Yes, there’s Facebook, Twitter, and Quora, but what about a social network for neighborhoods? It’s a relatively simple idea, and before social networks came about, the neighborhood was the original social community. So Nextdoor, a company based in San Francisco, created a private social network for communities, recently releasing a companion iPhone app to bring the social network to even more customers and mobilize a neighborhood near you.
According to Tech Crunch, Nextdoor grew rapidly in a short time, from 8,000 members to 12,600 in just three months. CEO Nirav Tolia said creating the iOS app could be a game changer for the company, providing new functionality to an already unique Web application with an active user base. Tolia cites features varying widely, from notification of crimes in the area to finding lost pets as possible uses for their mobile app. “When you have a camera and an instant content delivery device in your hand, all of these things become better,” Tolia said.
The real-world uses for Nextdoor encompass more than lost puppies, though. In a blog post, Nextdoor mentions how one user in Thousand Oaks, California, used Nextdoor to keep the neighborhood informed as wildfires ravaged the Los Angeles area. Not only was the app an indispensable tool during the crisis, the user says it also encourages neighbors to meet, strengthening the neighborhood and the relationships within. Also unique in the app is a private messaging function between neighbors, so the next time someone’s child “accidentally” throws that rock through the window, neighbors can take care of the matter privately.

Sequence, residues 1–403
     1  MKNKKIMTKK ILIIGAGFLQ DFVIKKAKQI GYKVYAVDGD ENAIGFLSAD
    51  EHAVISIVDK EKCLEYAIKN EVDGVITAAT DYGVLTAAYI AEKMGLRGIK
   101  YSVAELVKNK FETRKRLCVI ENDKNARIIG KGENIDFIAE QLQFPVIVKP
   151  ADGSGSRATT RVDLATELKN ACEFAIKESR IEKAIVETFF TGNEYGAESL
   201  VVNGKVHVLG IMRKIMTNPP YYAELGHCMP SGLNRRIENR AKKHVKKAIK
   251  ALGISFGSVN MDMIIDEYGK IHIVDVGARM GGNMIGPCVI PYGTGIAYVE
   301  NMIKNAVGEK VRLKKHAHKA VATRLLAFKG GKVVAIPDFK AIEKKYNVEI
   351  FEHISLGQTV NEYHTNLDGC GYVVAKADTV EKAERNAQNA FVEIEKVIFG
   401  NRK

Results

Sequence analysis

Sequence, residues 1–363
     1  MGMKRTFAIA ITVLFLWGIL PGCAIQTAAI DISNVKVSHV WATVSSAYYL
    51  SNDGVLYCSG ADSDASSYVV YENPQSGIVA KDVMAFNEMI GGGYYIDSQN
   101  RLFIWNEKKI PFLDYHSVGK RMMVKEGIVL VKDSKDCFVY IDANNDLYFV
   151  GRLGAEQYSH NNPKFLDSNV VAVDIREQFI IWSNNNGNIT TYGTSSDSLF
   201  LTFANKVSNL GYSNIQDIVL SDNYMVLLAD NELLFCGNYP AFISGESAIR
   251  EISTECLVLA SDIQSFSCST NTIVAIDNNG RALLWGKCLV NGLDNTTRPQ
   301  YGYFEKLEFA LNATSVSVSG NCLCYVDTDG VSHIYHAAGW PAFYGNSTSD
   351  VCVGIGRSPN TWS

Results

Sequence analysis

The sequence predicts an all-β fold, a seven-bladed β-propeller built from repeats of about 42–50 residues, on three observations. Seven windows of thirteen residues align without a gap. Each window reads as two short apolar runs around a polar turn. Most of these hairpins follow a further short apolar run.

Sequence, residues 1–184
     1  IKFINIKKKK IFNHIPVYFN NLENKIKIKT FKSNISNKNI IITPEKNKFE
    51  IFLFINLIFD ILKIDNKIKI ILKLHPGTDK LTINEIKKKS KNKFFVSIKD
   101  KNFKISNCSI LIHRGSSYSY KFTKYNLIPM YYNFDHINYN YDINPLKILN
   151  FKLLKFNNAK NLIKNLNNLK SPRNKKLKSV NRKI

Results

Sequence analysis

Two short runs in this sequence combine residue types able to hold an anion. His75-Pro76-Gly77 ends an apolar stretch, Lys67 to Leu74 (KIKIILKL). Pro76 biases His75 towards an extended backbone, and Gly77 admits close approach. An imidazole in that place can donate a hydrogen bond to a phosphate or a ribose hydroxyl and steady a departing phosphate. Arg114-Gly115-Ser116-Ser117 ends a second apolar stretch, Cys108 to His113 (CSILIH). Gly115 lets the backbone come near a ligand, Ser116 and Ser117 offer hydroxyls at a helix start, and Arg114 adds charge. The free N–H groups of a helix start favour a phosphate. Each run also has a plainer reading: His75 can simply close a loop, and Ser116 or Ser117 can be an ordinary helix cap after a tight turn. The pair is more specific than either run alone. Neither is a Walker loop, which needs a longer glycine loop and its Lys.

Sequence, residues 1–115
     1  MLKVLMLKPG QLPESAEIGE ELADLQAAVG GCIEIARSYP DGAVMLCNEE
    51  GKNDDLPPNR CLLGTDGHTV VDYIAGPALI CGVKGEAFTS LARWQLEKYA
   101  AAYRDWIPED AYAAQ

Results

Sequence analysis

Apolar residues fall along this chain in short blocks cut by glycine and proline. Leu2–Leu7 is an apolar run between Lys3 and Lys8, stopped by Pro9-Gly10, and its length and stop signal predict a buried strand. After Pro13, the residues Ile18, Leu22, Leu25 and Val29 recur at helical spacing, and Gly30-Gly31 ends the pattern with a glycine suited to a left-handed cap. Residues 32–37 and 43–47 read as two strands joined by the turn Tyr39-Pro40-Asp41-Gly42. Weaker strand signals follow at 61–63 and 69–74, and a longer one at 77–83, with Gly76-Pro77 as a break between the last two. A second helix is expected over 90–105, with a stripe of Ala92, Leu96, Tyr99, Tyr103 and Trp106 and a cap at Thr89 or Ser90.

It’s all about connecting in a way that is lost to so many people today. Some people may never have met their neighbors, and some don’t know how to contact them if there is a concern – a concern which goes unnoticed in many cases. To really utilize the power of a neighborhood, it’s logical to meet, discuss with, and assist those people who make up that community.
For Nexdoor’s users, there’s a platform for opening up the conversation and activating a neighborhood using technology, making the community stronger than without the app. While we now live in a different time where neighborhoods aren’t quite as chummy as in the ’50s, Nextdoor’s app creates a solution for the 21st century, complete with messaging, a news feed, photo posts, and a mission to bring people together. For now, the app is available on iOS, and an Android app is under development, for neighborhoods on either platform.